The Mountain knapweed is a daisy family and belongs to the genus of knapweed. It is a traditional medicinal plant that only plays a subordinate role in modern medicine.
Centaurea montana, the botanical name of the mountain knapweed, is native to the Central and Southern European mountains. It can be found at altitudes up to 2100m and grows mainly on calcareous soils in sun or partial shade. Centaurea montana, so the botanical name of the Mountain knapweed, is native to the Central and Southern European mountains. It can be found at altitudes up to 2100m and grows mainly on calcareous soils in sun or partial shade.
The mountain knapweed is a perennial plant with bright blue flowers. The flower heads stand individually and measure about 5 cm in diameter. The inner flower of the mountain knapweed glows purple. The outer slightly pinnate marginal flowers are colored blue. The plant is between 15 and 75cm tall. The lanceolate leaves sit directly on the entire stem without stalks. This stands upright and is covered with white felty hairs. The blooming time of the mountain knapweed is between May and August.
In a warm autumn, a second flowering can also occur in September or October. However, this is not as pronounced as the flowering in summer. The flowers are pollinated by butterflies and hoverflies and spread a pleasant scent on warm and sunny days. After flowering, the mountain knapweed forms yellow, approximately 5mm long fruits. The mountain knapweed has become very rare due to intensive agriculture and tourist use and is now under protection in many areas.
The main active ingredients of Centaurea montana are anthocyanins, flavonoids, tannins and bitter substances. The plant is mainly used in folk medicine in the area of the digestive tract. It has an astringent, that is, astringent effect. An astringent has a drying, hemostatic and anti-inflammatory effect.
The drying effect of the mountain knapweed is used and it is used as a tea infusion for diarrheal diseases. To do this, three dried flower heads are poured over with a cup of hot water. The tea can be drunk after a steeping time of ten minutes. However, you should not drink more than two cups a day. The anti-inflammatory effect of the mountain knapweed also has a calming effect on an irritated intestine. At the same time, the plant stimulates the appetite that may have been lost due to the disease
A tea made from mountain knapweed blossoms can also be used for respiratory diseases. The bright blue flowers have a cough-relieving effect and protect the damaged mucous membranes. The tea can also provide relief from sore throats and inflammation of the throat. The use of eye and eyelid inflammation has almost been forgotten. Here, too, the dried flowers of the medicinal plant are used again.
For this, a tea is made as described above. When the tea has cooled slightly, you can use it to make envelopes and pads for the sore eyes. In addition, the flower infusion should also be helpful for bleeding gums. On the one hand, of course, because the mountain knapweed has an anti-inflammatory effect and, on the other hand, because the tannins it contains have a hemostatic effect.
Even in the absence of bleeding, more precisely in menstrual disorders, the mountain knapweed was and is used. The flowers of the mountain knapweed are also used in skin and wound care. For skin application, about one hand of flowers is scalded with one liter of boiling water. The brew should steep for about 15 minutes and then pour off.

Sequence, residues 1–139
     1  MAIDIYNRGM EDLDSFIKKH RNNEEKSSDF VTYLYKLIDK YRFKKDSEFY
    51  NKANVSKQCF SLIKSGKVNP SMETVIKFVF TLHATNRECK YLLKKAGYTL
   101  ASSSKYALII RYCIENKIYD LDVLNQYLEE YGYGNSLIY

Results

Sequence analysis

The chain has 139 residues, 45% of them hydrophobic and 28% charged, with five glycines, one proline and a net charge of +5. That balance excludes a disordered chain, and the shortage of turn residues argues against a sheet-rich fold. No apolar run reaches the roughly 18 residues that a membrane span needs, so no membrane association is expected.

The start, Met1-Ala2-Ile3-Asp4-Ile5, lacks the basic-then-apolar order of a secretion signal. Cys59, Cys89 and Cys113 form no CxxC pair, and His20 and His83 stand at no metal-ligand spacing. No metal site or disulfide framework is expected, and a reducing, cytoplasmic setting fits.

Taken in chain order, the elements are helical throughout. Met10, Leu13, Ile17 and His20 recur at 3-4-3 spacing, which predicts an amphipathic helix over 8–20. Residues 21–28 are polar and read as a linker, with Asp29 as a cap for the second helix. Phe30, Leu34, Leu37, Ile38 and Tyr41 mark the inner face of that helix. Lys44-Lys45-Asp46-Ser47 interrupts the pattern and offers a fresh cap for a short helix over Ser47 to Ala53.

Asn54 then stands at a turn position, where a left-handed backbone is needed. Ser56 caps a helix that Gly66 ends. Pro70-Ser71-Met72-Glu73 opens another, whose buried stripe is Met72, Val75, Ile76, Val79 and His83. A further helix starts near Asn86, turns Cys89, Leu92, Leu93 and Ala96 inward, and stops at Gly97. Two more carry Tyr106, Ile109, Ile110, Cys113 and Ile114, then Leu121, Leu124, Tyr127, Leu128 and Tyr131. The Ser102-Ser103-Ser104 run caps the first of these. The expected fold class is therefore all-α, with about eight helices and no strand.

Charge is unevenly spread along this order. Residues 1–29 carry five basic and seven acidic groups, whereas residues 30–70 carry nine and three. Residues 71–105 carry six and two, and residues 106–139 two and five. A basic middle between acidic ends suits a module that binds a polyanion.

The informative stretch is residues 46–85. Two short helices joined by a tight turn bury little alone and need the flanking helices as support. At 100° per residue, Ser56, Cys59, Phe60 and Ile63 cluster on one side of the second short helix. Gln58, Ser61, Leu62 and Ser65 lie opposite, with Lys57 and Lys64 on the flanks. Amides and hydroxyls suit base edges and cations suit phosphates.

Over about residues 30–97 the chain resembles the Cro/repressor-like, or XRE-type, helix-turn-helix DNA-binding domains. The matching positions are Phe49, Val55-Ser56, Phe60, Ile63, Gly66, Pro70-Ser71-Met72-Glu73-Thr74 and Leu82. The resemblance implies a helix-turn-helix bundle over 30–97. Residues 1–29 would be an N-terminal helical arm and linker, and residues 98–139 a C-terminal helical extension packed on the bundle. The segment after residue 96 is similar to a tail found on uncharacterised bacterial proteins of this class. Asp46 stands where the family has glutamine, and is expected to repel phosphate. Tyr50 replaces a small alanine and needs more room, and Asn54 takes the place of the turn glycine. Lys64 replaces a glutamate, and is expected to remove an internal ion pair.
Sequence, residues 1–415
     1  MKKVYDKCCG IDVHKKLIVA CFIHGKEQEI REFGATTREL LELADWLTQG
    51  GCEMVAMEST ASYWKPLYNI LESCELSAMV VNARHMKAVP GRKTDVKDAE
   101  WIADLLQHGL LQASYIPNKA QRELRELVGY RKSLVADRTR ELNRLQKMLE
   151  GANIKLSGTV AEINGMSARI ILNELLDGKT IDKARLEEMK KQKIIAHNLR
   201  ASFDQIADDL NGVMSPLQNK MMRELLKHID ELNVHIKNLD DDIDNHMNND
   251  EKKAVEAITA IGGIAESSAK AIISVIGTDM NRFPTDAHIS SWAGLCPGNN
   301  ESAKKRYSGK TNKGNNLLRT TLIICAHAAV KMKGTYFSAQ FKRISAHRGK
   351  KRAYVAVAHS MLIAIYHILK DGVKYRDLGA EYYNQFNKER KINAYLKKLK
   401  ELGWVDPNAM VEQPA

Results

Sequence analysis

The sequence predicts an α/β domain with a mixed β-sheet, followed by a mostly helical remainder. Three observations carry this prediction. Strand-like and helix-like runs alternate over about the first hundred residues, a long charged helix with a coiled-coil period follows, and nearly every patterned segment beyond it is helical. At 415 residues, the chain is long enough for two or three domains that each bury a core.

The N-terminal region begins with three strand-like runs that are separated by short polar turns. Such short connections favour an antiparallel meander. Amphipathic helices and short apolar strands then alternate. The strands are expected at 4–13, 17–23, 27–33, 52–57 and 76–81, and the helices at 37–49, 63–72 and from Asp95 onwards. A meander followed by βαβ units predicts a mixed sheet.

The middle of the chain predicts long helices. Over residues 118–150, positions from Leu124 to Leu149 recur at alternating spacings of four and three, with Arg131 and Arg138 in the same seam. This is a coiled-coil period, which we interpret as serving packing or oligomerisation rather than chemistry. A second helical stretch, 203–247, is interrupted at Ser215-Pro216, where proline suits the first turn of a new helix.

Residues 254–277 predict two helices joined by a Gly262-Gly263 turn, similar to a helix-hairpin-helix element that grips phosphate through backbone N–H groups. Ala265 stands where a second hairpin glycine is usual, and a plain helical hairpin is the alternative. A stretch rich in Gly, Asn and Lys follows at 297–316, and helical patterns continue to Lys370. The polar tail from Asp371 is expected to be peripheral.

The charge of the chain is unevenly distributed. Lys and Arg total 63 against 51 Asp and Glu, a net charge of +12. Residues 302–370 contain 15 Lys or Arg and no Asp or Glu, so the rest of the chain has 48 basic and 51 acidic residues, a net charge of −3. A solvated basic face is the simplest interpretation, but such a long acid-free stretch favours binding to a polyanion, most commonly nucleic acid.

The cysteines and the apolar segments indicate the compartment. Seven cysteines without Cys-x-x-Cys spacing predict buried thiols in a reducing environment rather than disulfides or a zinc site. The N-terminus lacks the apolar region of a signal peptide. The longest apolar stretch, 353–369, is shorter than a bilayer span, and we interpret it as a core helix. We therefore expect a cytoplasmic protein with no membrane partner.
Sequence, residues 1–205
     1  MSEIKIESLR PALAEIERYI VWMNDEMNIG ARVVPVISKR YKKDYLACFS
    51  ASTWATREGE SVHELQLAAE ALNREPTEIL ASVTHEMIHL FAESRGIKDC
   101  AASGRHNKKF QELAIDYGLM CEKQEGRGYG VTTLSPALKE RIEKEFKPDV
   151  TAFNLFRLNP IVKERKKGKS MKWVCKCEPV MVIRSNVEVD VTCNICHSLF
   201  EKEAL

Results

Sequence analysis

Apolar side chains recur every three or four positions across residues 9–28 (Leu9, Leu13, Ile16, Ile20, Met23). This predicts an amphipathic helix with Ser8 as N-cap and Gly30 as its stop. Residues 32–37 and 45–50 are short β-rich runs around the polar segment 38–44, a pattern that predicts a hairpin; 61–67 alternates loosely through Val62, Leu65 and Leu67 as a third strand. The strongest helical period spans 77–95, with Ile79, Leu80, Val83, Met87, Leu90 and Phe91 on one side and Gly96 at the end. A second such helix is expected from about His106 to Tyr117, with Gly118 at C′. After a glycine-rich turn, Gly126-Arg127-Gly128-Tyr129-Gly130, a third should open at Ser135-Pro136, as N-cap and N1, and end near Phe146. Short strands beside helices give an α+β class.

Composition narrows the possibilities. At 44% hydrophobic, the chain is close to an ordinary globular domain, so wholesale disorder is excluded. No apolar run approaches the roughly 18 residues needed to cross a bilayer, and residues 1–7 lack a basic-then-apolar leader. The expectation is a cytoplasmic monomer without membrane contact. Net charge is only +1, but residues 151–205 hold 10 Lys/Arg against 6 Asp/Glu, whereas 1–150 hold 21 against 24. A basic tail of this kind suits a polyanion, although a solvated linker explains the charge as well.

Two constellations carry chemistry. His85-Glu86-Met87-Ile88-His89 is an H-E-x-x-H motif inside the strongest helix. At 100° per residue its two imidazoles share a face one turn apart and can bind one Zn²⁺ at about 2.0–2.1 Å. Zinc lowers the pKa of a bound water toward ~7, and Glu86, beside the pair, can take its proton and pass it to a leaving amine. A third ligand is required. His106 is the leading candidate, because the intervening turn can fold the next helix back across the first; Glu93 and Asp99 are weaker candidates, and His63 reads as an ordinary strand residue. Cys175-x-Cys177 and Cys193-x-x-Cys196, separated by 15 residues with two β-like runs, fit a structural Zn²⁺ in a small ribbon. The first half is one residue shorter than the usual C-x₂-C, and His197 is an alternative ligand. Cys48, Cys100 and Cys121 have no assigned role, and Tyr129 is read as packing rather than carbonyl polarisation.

As an alternative, a porridge can be made from the fresh flowers. To do this, the flowers are simply crushed and the pulp is applied to wounds or ulcers. In addition, the plant from the mountains is known as a diuretic and was therefore often a component of bladder and kidney teas in the past. In the past, the mountain knapweed was said to have a blood-purifying effect.
Blood cleansing and detox teas were used to rid the blood of harmful substances. Primarily, diuretic tea drugs were part of these blood cleansing teas. That is why the mountain knapweed was a popular ingredient in cleansing teas. The herb is also said to have promoted the discharge of so-called waste products through the skin.
Centaurea is also part of homeopathic medicines. Here, however, it is not the dried inflorescences that are used, as in folk medicine, but the roots or the fresh whole plant. The indications are, however, similar: diarrhea, bleeding, missed menstruation, stomach problems or wound healing disorders.
Especially in southern Germany, the mountain knapweed was known to the herb women in the villages. Even today, many locals still know the diverse effects of the mountain knapweed. Often this knowledge is passed on from generation to generation.
In the areas where the mountain knapweed is native and is not yet under protection, diarrheal diseases are still treated with a tea made from the flowers of the mountain knapweed. Due to modern agriculture and the use of the mountain slopes for skiing or hiking, the mountain knapweed has disappeared in many places and its healing properties have been forgotten.
In modern herbal medicine it only plays a minor role outside of the mountain ranges. Its relative, the cornflower, is better known here. It has similar ingredients and, accordingly, similar indications. The mountain knapweed is not even mentioned in the plant monographs of the E-Commission. Committee E is a body made up of doctors, pharmacists, pharmacologists and patient representatives.
The main task of the commission is the preparation of monographs regarding the effectiveness and safety of herbal medicines. The fact that the mountain knapweed is not mentioned in the more than 400 monographs underlines that the mountain plant only plays a subordinate to insignificant role in modern medicine.